Moving on. If you ask most people what makes a bagel a bagel, they'll probably mention the boiling. Actually, when I tell people I make bagels, they usually respond, "Wow, do you boil them?" I find this kind of strange, because the boiling part is like the easiest part... but whatever. Bagels are boiled. This is certainly true. It is no surprise, then, that people seem to think that boiling bagels longer makes them better, but those people are wrong. A boiling time of 10-15 seconds per side will still result in a distinctive "skin"; it will be a bagel. Longer will get you a thicker skin, but causes other issues. Namely, when you introduce heat to your bagels, you are activating some of the yeast. You really want this to happen in an extremely hot environment like the oven as opposed to a moderately hot environment like a simmering pot of water, so as to obtain the best "oven spring"; the longer you boil your bagels, the less oven spring. Also, starch gelatinization is what is responsible for the "skin", but also sets the bagel's exterior, inhibiting its rise. The thicker the skin, the less rise you're likely to achieve. All this to say, basically, that a longer boiling time results in an overall smaller, flatter bagel.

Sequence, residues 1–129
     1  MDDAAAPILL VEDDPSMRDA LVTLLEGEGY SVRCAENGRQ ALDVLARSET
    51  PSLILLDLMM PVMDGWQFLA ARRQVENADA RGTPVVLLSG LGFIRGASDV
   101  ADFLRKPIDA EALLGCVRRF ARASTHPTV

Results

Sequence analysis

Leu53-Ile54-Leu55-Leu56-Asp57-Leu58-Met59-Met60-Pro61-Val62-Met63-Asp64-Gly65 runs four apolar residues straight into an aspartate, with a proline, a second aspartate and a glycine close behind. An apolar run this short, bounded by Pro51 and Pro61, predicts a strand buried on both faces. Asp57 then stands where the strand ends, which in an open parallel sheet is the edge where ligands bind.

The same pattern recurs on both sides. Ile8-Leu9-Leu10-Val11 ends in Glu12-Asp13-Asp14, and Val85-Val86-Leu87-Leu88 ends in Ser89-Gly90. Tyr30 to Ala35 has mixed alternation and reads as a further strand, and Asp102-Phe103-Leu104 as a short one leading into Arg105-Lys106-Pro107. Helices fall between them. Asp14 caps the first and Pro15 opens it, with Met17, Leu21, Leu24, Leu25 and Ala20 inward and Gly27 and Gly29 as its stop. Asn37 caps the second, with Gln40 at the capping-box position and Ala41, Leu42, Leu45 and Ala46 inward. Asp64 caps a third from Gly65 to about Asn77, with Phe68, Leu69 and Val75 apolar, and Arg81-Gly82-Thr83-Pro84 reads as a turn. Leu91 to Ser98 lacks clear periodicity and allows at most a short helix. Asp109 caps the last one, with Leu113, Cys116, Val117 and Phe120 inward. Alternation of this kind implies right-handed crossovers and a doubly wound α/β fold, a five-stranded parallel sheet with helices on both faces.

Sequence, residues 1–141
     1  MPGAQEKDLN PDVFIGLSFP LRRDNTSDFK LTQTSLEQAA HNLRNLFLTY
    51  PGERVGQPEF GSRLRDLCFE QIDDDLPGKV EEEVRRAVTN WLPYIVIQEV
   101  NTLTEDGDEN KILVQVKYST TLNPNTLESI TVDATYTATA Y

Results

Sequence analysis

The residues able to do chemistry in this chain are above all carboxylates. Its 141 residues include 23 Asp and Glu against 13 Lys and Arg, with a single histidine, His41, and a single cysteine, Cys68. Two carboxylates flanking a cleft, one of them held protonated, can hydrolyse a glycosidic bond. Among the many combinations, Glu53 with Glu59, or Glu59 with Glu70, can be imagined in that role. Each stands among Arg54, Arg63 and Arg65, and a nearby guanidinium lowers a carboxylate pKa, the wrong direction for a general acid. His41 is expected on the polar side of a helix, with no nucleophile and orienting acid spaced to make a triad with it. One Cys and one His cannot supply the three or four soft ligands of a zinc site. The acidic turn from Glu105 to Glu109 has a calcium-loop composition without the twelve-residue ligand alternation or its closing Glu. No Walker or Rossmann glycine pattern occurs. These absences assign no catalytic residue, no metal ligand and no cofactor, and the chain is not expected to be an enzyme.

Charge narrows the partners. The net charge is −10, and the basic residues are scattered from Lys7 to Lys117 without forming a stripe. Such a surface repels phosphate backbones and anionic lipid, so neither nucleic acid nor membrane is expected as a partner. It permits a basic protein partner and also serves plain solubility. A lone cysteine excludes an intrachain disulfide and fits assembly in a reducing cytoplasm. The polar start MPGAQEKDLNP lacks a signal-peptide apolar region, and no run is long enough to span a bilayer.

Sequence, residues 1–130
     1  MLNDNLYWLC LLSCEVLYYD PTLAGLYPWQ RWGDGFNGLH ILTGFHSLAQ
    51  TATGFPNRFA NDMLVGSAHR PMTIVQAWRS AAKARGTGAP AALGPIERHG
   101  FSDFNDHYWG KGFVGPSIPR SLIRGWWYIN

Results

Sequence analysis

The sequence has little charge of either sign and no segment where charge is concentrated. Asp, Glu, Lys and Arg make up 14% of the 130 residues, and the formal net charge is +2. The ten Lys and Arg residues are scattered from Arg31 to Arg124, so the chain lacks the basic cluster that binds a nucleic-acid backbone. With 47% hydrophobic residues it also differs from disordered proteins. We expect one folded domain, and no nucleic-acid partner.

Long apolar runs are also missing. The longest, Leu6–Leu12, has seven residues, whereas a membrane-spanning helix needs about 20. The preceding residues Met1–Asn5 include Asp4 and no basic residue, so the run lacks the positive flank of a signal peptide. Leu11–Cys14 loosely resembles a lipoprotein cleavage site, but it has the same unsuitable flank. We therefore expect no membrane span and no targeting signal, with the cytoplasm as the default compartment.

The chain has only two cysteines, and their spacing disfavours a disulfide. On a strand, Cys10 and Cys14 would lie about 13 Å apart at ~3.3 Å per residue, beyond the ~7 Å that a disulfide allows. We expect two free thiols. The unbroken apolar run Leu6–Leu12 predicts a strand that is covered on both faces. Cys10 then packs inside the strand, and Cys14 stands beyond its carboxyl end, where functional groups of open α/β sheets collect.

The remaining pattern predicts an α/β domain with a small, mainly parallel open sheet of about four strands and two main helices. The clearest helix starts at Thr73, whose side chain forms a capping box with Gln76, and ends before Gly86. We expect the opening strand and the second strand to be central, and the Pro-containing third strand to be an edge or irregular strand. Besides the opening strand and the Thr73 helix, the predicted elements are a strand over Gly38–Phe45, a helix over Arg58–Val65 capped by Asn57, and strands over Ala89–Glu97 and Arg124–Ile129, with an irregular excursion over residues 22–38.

Finally, sugar and oil. These are probably the most controversial inclusions, and I get it, it's not exactly traditional... but it is better. Very low-hydration doughs can end up stiff or dense, in a bad way; a little oil softens things up, resulting in a bagel that is perfectly soft, sturdy, and chewy. Sugar, meanwhile, tastes good. Don't worry, these bagels aren't sweet—but sugar does balance the malt, salt, and fermentation in the dough. Both ingredients slow the staling process, which was probably my biggest dissatisfaction with my original recipe: in the past, after as little as a few hours, my bagels were much worse. These keep beautifully. They're pretty good on the second day, even, which is unusual.

Anyway, yeah, bagels. I'll put more stuff here if I think of it. Have fun!